• Consider the benefits of being a dad. When you’re sleep-deprived and dealing with a crying baby, it’s helpful to remember why you chose to have kids in the first place. According to the authors, “You might think about the more immediate payoffs like seeing your son smile for the first time, or far-off rewards such as hugging your daughter after she graduates from college.” Write down the benefits, and read them whenever you’re going through tough times.
  • Create coping statements. What we say to ourselves has a big impact on our feelings. That’s where coping statements come in. For instance, one dad routinely got stressed and upset when his daughter cried. He recorded several coping statements on an index card, including “She’s an infant. She doesn’t know any better.” He’d review these statements any time he started feeling anxious or depressed. Write down five coping thoughts you can use to manage your feelings.
  • Get support. Being a parent can feel lonely and isolating, Wiegartz and Gyoerkoe note, so it’s important to connect with others. Think about who makes up your support network, the people you go to for help. This might be anyone from your spouse to your siblings to other dads to your rabbi or priest.
  • Get sleep. While getting sleep with a new baby probably seems like a dream, it’s especially important for people with postpartum depression, according to the authors. One study found that sleep was key in reducing maternal postpartum depression and likely helps dads, too. According to Wiegartz and Gyoerkoe, to sleep better, try to go to bed and wake up at the same time; avoid caffeine after 4 p.m.; use your bed solely for sleep and sex; avoid working out before bed; and if you can’t sleep within 20 minutes of being in bed, do a boring task outside your bedroom. Also, try napping when your little one does. Napping for up to 30 minutes can even boost performance and alertness. (Any longer tends to cause grogginess.) Just be sure your naps don’t interfere with nighttime sleep.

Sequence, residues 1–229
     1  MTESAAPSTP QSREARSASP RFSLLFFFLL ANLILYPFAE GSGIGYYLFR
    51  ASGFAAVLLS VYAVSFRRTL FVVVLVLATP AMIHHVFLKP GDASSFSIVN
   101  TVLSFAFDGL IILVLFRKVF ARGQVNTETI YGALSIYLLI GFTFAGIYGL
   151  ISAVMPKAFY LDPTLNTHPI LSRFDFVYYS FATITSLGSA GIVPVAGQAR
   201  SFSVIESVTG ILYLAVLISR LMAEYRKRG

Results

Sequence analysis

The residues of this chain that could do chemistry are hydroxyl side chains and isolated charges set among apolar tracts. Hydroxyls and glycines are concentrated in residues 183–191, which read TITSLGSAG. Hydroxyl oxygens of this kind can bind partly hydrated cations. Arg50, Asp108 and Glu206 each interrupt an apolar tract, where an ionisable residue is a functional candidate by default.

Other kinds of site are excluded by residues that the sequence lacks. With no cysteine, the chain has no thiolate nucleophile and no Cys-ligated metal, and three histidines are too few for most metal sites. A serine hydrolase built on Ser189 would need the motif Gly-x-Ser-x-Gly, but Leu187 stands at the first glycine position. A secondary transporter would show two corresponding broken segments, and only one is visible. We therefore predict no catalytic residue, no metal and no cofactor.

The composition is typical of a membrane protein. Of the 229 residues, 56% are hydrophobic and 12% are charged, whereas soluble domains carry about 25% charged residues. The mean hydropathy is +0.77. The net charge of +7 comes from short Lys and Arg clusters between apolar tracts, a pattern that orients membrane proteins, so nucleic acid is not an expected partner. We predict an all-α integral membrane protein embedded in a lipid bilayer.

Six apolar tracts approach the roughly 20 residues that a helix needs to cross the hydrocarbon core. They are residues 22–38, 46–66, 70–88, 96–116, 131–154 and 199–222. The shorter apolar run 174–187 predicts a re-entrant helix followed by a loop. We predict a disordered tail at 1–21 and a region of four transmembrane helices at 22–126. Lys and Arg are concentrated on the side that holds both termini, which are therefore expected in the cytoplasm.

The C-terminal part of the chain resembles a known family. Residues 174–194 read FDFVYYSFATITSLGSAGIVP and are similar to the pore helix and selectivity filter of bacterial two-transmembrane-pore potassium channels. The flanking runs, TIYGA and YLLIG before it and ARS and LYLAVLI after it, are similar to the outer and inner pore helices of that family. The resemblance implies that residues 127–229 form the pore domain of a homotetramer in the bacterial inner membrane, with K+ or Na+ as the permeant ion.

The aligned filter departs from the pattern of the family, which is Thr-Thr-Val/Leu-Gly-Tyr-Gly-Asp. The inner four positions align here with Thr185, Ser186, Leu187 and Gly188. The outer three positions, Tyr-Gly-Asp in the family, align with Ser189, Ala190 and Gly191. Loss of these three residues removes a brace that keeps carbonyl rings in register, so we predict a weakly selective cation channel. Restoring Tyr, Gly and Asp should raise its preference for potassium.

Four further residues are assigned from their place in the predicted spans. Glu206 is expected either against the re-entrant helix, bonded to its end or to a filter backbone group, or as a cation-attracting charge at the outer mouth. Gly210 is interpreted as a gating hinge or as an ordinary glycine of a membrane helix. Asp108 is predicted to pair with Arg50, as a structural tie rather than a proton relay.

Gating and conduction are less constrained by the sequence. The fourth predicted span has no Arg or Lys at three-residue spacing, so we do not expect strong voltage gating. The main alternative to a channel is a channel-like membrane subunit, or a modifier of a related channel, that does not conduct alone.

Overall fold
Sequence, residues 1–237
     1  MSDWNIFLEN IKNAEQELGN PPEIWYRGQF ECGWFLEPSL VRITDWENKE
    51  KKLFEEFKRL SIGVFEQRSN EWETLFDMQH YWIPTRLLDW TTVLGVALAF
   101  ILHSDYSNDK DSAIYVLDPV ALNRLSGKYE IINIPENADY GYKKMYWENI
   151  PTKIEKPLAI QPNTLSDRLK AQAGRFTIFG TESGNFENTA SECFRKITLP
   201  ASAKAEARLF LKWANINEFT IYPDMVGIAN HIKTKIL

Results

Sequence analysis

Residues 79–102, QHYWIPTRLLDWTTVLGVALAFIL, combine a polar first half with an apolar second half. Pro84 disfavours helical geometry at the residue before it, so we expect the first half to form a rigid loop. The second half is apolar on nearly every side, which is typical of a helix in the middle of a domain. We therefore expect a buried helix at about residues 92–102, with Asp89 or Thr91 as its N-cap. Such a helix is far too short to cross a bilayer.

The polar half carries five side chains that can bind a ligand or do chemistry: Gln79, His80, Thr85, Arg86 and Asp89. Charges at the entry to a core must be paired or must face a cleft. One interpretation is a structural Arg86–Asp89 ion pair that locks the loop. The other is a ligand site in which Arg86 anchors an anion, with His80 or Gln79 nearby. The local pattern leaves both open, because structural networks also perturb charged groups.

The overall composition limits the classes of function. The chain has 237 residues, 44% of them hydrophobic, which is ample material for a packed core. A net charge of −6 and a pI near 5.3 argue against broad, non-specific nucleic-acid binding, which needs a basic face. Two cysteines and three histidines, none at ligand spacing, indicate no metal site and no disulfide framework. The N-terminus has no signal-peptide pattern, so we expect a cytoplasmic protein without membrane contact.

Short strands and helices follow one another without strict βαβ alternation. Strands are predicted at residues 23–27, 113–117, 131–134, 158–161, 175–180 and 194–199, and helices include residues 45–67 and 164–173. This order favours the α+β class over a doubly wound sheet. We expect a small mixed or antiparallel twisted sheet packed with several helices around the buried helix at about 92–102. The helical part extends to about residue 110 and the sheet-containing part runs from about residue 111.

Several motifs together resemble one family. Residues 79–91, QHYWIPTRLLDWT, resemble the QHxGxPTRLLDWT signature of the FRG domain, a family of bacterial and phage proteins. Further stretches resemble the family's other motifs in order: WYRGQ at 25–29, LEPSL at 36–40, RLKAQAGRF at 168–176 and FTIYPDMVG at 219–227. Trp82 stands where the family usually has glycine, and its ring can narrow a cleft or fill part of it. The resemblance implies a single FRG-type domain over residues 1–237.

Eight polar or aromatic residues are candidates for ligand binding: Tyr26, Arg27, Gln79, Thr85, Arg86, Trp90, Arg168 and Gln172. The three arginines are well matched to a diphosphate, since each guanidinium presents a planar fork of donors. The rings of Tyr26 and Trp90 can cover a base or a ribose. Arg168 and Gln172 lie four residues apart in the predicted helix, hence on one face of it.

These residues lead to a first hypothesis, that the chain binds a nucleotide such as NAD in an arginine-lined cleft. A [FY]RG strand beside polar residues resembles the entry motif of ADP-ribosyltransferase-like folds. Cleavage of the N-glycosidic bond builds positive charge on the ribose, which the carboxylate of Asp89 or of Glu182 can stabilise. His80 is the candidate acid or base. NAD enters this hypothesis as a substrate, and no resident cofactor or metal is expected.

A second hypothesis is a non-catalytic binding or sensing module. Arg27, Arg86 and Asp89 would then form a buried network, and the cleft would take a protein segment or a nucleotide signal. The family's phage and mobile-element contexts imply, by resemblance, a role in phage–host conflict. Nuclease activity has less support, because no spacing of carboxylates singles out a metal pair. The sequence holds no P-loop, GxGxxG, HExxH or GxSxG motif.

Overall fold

• Improve your parenting skills. Thoughts of not knowing what you’re doing when it comes to parenting your child can contribute to feelings of anxiety, overwhelm and depression. No one is born knowing how to parent. Thankfully, there are many opportunities to boost your skills. The authors suggest everything from reading reputable parenting books to attending classes to asking dads you admire for advice.
  • Remember that you matter. Today, dads are taking a more primary role in raising their kids, and that’s a great thing. Research has shown that dads are critical in their kids’ development. For instance, dad’s involvement at an early age may protect kids from some emotional problems and distress; help them do better in school; and lead to other cognitive and emotional benefits.

Further Reading

If your wife is struggling with postpartum depression, the valuable website Postpartum Progress has additional information, personal stories and resources for dads.

 


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    Last reviewed: By John M. Grohol, Psy.D. on 16 Apr 2012
    Published on PsychCentral.com. All rights reserved.

APA Reference
Tartakovsky, M. (2012). When Dad Has Postpartum Depression. Psych Central. Retrieved on December 19, 2014, from http://psychcentral.com/blog/archives/2012/04/16/when-dad-has-postpartum-depression/